Sunday, February 22, 2015

Movies as the Highest Form of Art?

It's time for a culturally relevant post! It's time for a post about movies! On Oscar Sunday!

There's a part of me that tends to think that a great movie can be the highest form of artistic expression that we have in the modern age. This is a bold statement (at least in my mind), so I'll take a couple minutes to try to back that up with at least some semblance of reasoning. 

By definition, I think that art has to be culturally relevant, in the world we live in, if you make a great painting that is considered by critics and viewers alike to be a masterpiece but 1,000 people see it. How does that compare to a movie that is thought of as a masterpiece by critics and viewers but 50 million people see it? If the goal of art is to lift society to a place that it wouldn't have gotten on its own, a place of higher knowledge, a greater sense of self, of being in more in tune with our emotions, wouldn't a movie that does those things that reaches a wider audience mean more than a symphony? or a modern masterpiece painting?

Granted, the movies that are most likely to be considered artistic masterpieces generally aren't the same movies that are being seen by 50 million people, but I think the point remains the same even if you scale back the numbers from one thousand versus 50 million to 1 million versus 5 million.

So that's one way of reasoning my bold statement, here's another. A great movie can combine so many different artistic elements when other forms of art are limited to one element. Think about it this way, a great movie tends to have a great soundtrack or score. It has great actors, it might feature dancing or other highly choreographed routines (think fighting or other). All together there are so many elements that each seperately can be considered a form of high art, that when combined in a great manner it is much more powerful than one piece. It's like going to a museum full of art as opposed to looking at one piece in a person's private collection.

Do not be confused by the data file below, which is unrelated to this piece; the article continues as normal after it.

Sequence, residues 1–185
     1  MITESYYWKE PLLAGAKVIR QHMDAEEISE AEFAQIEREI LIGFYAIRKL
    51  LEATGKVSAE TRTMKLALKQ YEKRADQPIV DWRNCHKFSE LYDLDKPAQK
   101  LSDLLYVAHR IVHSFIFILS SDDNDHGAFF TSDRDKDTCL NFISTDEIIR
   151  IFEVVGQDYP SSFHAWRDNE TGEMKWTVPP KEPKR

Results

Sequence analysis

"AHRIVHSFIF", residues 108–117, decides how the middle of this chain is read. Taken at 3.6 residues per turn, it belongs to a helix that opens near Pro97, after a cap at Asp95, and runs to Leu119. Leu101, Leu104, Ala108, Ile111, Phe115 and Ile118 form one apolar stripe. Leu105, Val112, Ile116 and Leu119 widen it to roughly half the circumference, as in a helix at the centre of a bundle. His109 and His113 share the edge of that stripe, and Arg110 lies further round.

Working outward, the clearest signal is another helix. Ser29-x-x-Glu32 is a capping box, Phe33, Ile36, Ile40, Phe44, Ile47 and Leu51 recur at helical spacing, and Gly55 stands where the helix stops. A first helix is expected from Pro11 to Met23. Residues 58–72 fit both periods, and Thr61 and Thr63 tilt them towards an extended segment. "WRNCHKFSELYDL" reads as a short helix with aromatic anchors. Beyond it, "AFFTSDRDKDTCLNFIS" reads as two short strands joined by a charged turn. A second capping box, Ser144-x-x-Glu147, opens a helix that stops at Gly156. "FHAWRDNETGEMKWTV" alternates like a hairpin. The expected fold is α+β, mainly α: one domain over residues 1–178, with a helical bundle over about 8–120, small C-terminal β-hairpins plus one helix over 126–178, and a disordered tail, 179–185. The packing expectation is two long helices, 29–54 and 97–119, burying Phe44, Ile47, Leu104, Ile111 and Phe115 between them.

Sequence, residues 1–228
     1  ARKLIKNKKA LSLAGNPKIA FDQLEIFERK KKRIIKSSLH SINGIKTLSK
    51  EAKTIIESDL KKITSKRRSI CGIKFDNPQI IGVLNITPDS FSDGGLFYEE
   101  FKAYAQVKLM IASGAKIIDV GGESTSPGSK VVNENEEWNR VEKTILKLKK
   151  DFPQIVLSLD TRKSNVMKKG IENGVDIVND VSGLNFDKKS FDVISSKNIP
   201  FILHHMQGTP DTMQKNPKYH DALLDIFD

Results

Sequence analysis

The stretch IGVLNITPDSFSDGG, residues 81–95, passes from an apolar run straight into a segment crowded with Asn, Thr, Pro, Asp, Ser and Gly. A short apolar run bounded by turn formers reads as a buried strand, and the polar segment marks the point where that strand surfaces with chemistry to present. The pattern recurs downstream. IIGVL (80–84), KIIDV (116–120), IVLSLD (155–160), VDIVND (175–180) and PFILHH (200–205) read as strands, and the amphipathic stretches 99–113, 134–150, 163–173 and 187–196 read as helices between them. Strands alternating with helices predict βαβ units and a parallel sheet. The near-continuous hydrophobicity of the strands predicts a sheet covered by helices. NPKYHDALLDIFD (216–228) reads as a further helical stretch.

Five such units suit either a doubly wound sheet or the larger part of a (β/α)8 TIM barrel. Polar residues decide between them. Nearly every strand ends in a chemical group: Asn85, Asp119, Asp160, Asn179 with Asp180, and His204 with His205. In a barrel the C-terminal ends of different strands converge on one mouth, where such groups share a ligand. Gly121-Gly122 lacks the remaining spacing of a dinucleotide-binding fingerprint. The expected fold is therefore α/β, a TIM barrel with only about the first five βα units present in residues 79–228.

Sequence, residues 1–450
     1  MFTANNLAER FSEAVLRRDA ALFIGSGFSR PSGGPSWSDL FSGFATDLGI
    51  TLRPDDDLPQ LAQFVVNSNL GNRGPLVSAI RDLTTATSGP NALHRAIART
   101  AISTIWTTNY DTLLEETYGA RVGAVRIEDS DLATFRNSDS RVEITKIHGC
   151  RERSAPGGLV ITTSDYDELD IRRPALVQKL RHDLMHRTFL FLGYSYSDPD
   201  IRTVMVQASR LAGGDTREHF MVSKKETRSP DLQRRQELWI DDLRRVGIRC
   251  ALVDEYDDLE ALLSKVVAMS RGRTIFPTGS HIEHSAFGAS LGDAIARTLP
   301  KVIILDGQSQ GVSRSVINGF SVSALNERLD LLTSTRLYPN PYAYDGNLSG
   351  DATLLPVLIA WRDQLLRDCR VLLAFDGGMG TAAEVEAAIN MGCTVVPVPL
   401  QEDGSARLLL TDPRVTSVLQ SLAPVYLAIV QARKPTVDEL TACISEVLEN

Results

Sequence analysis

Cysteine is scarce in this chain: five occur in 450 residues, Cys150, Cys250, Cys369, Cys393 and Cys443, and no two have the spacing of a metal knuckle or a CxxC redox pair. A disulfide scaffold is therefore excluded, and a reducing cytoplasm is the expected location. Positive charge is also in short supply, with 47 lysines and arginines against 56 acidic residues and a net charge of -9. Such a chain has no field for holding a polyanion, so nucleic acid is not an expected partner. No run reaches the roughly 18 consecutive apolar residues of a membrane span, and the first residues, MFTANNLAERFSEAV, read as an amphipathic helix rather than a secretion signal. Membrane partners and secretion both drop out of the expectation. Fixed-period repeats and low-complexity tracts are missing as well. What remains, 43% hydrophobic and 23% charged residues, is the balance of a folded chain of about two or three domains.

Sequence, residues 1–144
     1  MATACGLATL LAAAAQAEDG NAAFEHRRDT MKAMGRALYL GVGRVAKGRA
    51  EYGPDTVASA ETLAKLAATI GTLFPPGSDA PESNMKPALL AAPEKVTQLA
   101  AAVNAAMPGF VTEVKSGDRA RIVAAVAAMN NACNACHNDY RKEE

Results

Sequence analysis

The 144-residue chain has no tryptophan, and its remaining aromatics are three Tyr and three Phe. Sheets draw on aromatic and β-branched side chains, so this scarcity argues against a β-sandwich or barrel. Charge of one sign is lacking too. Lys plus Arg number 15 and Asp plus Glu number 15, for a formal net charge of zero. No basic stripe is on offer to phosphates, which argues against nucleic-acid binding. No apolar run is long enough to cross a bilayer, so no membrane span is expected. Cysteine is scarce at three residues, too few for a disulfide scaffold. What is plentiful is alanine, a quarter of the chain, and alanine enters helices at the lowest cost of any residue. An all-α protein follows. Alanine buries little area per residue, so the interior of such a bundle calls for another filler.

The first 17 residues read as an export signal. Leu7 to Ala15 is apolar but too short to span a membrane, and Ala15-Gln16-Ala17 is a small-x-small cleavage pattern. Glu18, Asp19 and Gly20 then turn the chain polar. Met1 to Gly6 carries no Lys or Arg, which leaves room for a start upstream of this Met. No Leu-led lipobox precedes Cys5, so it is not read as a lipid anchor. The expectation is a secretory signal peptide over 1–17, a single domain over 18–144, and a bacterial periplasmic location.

Even when you think of the all the effort that goes into making each scene visually stunning (think of the lighting, the angles, the sound and more), it just makes it so that when a movie pulls that "woah" moment off even more special. Plus, in my mind at least, the dynamic moving images of a movie usually means more and hits harder than the static image that a painting shows.

So yeah, that's my argument and I'm sticking to it, and that's coming from a self-proclaimed musician.

As for tonight's picks.... this is my picks, not who I think is going to win

Best Movie: Birdman. Just narrowly edges out Whiplash as my favorite movie this year. While Whiplash is the closest thing I've ever seen to a depiction of what it is truly like to connect with an instrument and with another person in a musical sense, Birdman has a lot more elements going on in my mind and I think Keaton and Norton kill it slightly harder than Teller and Simmons. Plus the whole movie being one continuous shot is in my mind a little more impressive than the 5 minute drum solo that Whiplash finished with.

My other favorite movies this year: Gone Girl, Nightcrawler. These 4 were in the top tier and a decent distance before you get to the Boyhood, Interstellar, Grand Budapest tier of movies.

Best Director: Linklater. Takes a lot of fine tuning for the story of the movie to outshine the gag of the way the movie was shot. I think the emotional connecting in this movie was top notch and it's not easy to do that with child actors.

Best Actor: Of the nominees: Keaton. Of all movies: Gyllenhall. Maybe I'm the only one who loved Nightcrawler so much but Gyllenhall is becoming one of my favorite actors.

Best Actress: Julianne Moore, I had to literally stop watching this movie because her portrayal of alzheimers had me so stressed out. Rosamund Pike was great in Gone Girl, but damn, I still stress out about Julianne Moore's character in that movie (which was just an okay movie overall).

Supporting Actor: JK Simmons
Supporting Actress: Patricia Arquette

Whiplash and Nightcrawler for their respective writing genres.

That's it for week one of this project.

'Til Tomorrow

Tomorrow: Something to do with Mental Health (I'll try to figure out my angle later)

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